Multi-factor Authentication Reminder
Oct. 15, 2021
Over the past few months, UA has seen a significant increase in the number of attempts to access university information by stealing usernames and passwords and gaining access to employee accounts. As a result, the University has been rolling out a security enhancement called Multi-Factor Authentication (MFA) to better protect user accounts and sensitive UA information from malicious cyber-attacks.
UA has been steadily deploying MFA. The Office of Information Technology (OIT) is facilitating this transition. At the conclusion of this transition, the goal is that all employees are enrolled in MFA as a best practice.
October 20th is the target date for your account to be enrolled in MFA, using a tool called Duo. Enabling Duo MFA on your account is one very important way to protect you and the university from these attacks.
We invite you to enroll in MFA using the information provided below. There will be roughly two weeks to self-enroll at your convenience, and then a cut-over date that will auto-enroll the remaining users to the MFA security protections.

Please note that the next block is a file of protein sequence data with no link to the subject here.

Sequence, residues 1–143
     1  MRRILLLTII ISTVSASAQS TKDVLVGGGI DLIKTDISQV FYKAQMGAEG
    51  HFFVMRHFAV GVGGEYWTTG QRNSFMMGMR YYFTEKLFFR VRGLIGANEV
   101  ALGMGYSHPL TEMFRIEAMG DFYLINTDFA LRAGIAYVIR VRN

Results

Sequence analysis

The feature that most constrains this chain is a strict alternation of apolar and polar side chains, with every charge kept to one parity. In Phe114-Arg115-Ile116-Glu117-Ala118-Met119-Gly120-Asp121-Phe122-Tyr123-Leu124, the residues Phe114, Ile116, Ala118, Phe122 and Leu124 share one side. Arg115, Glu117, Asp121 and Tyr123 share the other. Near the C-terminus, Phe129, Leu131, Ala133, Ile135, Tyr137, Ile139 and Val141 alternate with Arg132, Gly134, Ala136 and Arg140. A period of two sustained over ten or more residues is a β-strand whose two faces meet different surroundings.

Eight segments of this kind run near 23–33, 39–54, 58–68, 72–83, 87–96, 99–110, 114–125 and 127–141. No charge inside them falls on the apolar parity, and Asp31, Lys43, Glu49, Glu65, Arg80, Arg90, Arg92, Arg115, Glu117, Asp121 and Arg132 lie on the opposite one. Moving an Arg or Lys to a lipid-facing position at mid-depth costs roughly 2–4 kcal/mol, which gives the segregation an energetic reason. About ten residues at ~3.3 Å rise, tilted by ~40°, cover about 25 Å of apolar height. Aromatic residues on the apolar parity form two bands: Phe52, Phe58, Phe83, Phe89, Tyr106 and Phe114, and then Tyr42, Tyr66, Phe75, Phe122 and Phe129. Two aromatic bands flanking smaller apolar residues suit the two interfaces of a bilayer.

Ready to enroll?
Login to ELMO and then click on “Security Settings” and choose the “Multi-Factor Authentication”
Call 450-8300 or email firstname.lastname@example.org and they'll be happy to help.
Have questions or want to learn more about MFA?
Please visit OIT’s MFA page.
What is Multi-Factor Authentication?
MFA is a form of security that protects an account with two layers of authentication. The first layer is a password, something that you know. The second factor is something that you physically have, such as a device. For example, a bank account uses MFA for security by requiring both a PIN and a debit card.
How does it work?
After you enroll in MFA, when you log in to any MFA-protected website or service, you will enter your username and password (something you know) as you do today, and then use your smartphone or another device (something you have) to verify your identity.
Why do I need MFA?
MFA prevents others from signing in as you, even if they know your password. It protects you and the University of Alaska from the risks of phishing scams and other forms of password theft.
Users’ passwords have been compromised by many different methods: guessing, hacking, watching you type the password, capturing the password on a computer with malware installed that records keystrokes, capturing passwords sent over a compromised network connection, capturing cached passwords on servers receiving passwords. Even the most careful user cannot be certain their password is never compromised by one or more of these attacks.
When will it be available?
MFA is available now! The university’s MFA provider is a company named Duo Security (Duo for short).